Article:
(Once upon a time, there was a blog named Education and Freedom; this is a relevant re-post of a 2018 post from that blog regarding the origin of the blog’s name)
We are frequently reminded by talking heads and newsfeeds that words do matter, and when people lack an understanding of meaning, nuance and context, words can be wielded as weapons to manipulate and delude or can unintentionally be misused in ways that can send the international community—or a spouse/partner—into turmoil.
I was awakened this morning by my literary conscience asking me: If words do matter, why have I neglected to explain the origin of the title of my blog: Education and Freedom?
Voici la raison…
I am a discontented American. If I was contented, would I spend hours musing on such things as blog posts? The foundation of my current discontent is the fact that I am a worst-case-scenario kind of guy: when the disaster comes, I’ll be the one who is ready for it (I tell myself). Of course, believing this is delusional, but not delusional enough to move me to spend time and money on a therapist, which means I am likely to remain as I am until the end, whether that comes in 24 minutes or 24 years.
Given my predilection to sniff out disasters, in the early fall of 2016, I began to fuss about “What if he wins?” The fussing generated a train of thought that led to an affirmation of the Constitution as being but a piece of paper, and that if/when a President decides s/he wants to disregard it, there is little anyone can do about it.
For example, if impeached and convicted, who will physically remove a President who refuses to leave, Chuck Schumer? Mitch McConnell? And if in less than 24 hours, thousands of loyal crazies summoned by Tweet and armed to the teeth with AR-15s and RPGs are defiantly surrounding the White House, what then? Am I a worst-case-scenario kind of guy? I rest my case.
Two years later, I am feeling less delusional and more certain about the possibility of a worst case scenario becoming the scenario…but I digress…
A visceral trepidation made it difficult for me to fall asleep on the night of November 8, 2016, and I still felt it when I awoke, a foreboding so intense that after breakfast that morning I lit a candle for the first and only time in my life at a Catholic Church (see: featured image with this post). I do not expect that a prayer is like a wish—it will not evaporate if shared—so I can tell you that I prayed for the survival of my country as I then understood it to be.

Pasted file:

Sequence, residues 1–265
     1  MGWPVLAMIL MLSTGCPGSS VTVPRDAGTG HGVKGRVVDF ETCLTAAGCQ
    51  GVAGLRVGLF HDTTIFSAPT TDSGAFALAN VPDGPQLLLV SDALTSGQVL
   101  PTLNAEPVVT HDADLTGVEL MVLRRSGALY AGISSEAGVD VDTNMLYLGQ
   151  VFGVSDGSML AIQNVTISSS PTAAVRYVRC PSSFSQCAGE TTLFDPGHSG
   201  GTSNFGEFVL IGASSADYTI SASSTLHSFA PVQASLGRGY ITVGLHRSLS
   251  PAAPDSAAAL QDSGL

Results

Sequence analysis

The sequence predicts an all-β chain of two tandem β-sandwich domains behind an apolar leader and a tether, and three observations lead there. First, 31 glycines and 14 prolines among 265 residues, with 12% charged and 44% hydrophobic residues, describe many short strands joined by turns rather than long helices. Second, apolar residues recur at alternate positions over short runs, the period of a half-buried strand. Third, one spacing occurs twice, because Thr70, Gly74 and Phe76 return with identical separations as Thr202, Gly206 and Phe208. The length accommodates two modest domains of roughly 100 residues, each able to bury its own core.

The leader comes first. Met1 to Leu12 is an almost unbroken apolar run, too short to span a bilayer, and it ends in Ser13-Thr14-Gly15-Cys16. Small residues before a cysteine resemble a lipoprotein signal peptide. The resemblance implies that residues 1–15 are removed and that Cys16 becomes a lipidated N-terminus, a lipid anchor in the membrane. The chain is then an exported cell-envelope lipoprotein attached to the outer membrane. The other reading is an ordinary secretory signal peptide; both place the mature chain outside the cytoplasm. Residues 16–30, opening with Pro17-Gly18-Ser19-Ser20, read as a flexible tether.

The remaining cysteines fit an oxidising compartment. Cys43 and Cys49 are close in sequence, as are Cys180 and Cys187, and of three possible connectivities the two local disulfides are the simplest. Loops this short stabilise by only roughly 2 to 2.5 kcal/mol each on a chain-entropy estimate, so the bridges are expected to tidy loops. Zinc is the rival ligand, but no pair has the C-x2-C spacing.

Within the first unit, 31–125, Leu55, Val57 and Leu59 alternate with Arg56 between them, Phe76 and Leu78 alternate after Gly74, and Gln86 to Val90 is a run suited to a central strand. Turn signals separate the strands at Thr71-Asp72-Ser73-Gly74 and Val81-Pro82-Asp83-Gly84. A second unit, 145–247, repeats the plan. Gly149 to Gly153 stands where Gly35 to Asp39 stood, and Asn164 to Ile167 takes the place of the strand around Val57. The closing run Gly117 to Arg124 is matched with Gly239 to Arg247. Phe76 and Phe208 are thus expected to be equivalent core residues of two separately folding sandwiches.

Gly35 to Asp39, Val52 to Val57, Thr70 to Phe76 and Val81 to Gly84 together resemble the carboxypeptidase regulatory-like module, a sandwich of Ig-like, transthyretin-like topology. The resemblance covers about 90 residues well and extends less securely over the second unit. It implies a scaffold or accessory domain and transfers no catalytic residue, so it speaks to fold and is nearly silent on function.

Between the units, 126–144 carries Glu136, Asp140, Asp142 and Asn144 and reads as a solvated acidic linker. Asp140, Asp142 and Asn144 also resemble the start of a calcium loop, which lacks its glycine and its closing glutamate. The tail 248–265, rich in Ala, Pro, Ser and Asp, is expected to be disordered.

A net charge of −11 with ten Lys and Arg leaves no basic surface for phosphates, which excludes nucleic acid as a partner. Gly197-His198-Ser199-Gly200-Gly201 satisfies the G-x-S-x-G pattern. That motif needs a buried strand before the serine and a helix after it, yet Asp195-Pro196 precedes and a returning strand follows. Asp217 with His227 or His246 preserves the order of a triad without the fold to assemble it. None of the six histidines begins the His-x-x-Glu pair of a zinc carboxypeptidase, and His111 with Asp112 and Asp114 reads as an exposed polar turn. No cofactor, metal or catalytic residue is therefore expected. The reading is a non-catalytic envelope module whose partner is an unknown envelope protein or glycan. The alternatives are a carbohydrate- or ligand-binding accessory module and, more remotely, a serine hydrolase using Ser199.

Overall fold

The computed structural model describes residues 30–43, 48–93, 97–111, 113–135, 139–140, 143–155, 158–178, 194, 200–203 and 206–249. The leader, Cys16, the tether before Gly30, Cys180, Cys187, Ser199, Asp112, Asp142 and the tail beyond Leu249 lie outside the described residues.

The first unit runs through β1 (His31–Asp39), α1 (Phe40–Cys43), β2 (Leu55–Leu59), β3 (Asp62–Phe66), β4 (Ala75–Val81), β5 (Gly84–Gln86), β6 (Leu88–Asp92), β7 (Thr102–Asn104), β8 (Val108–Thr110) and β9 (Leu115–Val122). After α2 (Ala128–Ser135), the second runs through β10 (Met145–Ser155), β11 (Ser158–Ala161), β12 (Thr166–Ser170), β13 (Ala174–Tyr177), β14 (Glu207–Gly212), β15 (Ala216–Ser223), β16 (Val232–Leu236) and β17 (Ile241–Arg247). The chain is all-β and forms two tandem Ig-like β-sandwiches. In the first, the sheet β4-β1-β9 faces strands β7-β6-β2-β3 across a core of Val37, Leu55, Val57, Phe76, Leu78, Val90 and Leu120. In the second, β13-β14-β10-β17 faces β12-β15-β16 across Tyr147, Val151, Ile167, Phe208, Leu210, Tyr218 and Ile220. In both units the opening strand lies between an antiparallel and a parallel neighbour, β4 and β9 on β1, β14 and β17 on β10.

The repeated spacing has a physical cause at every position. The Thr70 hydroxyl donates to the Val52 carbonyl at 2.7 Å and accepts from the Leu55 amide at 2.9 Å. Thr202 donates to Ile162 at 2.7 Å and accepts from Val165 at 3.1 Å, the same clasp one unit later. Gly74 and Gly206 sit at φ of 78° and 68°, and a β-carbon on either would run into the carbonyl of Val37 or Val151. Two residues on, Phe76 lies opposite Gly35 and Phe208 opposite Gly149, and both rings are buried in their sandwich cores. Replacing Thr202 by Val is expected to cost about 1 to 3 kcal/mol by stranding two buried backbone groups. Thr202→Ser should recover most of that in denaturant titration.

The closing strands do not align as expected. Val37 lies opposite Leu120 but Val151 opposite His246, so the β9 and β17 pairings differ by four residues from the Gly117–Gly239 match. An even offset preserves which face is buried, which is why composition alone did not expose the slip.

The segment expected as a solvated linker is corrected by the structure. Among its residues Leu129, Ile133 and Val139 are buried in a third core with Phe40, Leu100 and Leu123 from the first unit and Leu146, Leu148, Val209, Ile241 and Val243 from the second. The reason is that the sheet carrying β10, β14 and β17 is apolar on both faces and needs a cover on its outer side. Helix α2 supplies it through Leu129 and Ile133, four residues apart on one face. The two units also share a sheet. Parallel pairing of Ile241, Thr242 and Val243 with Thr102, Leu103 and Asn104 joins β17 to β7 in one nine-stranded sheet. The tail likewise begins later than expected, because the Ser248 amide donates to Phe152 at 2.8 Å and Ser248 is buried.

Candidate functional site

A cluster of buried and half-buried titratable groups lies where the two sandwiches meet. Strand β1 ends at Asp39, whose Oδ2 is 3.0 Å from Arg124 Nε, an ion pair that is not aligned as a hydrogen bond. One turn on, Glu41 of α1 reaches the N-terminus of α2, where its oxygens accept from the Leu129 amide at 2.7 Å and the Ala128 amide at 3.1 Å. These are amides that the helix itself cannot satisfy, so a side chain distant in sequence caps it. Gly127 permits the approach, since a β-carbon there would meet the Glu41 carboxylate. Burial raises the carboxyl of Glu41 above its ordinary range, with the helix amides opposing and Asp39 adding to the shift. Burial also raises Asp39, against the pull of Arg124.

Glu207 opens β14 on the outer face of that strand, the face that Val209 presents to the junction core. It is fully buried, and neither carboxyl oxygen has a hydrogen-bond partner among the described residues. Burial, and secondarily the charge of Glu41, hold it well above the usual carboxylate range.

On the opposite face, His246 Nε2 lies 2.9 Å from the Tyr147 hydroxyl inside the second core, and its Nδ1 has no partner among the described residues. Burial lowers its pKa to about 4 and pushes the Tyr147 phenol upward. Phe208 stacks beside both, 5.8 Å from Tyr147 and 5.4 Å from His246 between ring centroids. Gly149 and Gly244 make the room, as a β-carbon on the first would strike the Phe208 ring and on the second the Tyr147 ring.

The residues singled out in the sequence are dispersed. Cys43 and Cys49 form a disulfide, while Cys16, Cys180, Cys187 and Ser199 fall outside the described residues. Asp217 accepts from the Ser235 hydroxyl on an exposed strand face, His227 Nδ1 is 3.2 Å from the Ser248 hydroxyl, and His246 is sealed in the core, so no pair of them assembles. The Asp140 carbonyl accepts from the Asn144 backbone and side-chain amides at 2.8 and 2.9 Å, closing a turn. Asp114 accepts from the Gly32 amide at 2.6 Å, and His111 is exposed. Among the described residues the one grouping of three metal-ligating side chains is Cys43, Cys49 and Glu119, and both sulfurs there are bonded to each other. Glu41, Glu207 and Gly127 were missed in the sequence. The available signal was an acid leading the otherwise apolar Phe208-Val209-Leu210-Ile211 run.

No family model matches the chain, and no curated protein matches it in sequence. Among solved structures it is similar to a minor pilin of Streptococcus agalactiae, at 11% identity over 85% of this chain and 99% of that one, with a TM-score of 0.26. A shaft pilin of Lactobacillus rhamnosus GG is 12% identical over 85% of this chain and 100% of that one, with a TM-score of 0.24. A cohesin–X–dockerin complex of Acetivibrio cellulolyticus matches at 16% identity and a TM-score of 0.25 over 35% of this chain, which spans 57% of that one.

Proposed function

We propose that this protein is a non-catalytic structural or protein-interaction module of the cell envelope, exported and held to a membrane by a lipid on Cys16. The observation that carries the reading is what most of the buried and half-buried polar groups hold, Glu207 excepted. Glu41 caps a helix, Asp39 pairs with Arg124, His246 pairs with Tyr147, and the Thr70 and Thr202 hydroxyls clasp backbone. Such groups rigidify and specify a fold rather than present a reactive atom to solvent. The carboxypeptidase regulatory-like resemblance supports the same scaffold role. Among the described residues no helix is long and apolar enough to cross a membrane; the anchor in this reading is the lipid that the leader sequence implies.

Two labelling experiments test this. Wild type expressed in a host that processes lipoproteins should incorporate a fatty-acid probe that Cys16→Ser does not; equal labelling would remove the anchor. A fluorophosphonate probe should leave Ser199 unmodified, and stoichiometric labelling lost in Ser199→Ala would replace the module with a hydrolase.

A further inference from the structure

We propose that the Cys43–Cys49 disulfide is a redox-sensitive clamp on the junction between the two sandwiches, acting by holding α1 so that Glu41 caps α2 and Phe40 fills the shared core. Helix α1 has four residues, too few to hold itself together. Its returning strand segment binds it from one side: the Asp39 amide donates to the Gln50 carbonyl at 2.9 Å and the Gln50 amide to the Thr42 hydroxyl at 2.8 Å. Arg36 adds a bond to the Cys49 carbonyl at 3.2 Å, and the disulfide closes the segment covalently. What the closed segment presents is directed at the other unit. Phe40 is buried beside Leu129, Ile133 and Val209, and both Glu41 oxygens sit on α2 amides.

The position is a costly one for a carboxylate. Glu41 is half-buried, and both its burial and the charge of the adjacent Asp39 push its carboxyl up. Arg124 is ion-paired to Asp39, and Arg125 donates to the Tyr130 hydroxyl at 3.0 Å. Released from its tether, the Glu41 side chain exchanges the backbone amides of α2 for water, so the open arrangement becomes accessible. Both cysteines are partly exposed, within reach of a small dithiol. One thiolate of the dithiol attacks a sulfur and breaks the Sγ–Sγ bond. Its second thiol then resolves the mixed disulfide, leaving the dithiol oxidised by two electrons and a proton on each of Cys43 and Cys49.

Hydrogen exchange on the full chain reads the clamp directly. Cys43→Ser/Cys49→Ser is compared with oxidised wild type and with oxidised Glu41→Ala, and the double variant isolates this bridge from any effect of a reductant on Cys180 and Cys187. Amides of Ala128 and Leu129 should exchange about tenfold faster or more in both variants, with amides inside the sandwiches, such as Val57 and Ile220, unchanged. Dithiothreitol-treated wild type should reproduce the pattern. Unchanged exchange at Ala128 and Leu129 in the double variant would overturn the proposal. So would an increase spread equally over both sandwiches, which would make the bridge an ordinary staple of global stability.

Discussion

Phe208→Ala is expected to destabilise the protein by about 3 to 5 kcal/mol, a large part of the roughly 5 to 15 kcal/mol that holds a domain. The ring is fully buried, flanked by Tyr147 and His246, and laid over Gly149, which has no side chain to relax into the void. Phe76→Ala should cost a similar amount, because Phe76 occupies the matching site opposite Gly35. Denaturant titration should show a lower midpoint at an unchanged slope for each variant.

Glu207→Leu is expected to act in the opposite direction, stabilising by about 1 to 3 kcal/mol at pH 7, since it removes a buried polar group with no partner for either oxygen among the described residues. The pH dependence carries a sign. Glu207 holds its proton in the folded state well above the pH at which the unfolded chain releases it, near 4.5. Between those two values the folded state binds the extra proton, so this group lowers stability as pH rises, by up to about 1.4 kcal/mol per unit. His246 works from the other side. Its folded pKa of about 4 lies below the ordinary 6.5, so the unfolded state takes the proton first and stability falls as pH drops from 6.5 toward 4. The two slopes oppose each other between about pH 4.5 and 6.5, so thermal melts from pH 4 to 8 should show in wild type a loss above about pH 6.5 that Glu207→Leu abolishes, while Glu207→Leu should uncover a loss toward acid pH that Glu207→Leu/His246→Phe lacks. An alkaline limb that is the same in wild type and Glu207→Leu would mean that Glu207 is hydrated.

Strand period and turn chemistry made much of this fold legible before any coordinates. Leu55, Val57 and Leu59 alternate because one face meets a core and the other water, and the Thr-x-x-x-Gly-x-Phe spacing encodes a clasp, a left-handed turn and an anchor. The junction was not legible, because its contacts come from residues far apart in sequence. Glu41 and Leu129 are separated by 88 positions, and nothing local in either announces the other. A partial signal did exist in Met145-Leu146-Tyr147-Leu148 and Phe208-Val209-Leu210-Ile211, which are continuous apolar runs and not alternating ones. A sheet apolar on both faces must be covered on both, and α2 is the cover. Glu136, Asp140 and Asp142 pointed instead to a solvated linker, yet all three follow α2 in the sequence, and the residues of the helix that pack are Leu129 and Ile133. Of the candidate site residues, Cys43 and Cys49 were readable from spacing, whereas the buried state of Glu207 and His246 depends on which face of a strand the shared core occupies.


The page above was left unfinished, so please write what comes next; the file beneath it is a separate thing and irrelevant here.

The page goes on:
In the months that followed, despite all of the public protestations that this or that overt step toward institutionalized intolerance or all-out totalitarianism “is not who we are,” I came to realize it is, in fact, who we are, or at least, who 40% of us are. These fellow citizens provide through their votes, Tweets, posts, hats, rally behavior, et al, evidence of their acceptance of kingly behavior and of systemic intolerance of—even active hatred of—the “other,” all of which is testimony to woeful ignorance—or willful rejection—of the founding principles of American Democracy.
Because of my lifelong personal naïveté about this reality, in the year following the 2016 election, I wondered how it came to pass that American Democracy had ended up on life support. There have been books written and thousands of hours of media analysis since the election that postulate how a President came to power, but how has it come to pass that at least 40% of our fellow Americans do not support America’s Founding Principles? As a career educator, I did not have far to look: the mirror in my bathroom.
Thomas Jefferson once wrote…
A government is like everything else: to preserve it we must love it…Everything, therefore, depends on establishing this love in a republic; and to inspire it ought to be the principal business of education….
Our current plight—and it is a plight with global consequences, not to mention the uncertain futures of our children and grandchildren—can be laid directly at the feet of American educators. We have failed—massively and miserably failed—to inspire decades worth of children to love the founding principles of our Republic, to do what it is our American Democracy demands of each of us, and to realize the fragility of what American Democracy provides: freedom of speech, of peaceful assembly, of religion; freedom to petition the government for a redress of grievances; freedom from discrimination based upon race, color, creed, religion, or who you love; the right to due process and more…
And because we, American Educators, have failed to inspire our children to love the founding principles of our Republic and all that they entail, Americans are on the verge of losing the freedoms our Constitution promises. After all, it is only a piece of paper that readily disintegrates in the acid vapors of ignorance. But isn’t the antidote of ignorance, education? Freedom requires Education.
As fragile cornerstones of American Democracy, Education and Freedom require each other, and they require our attention; hence, the name of the blog.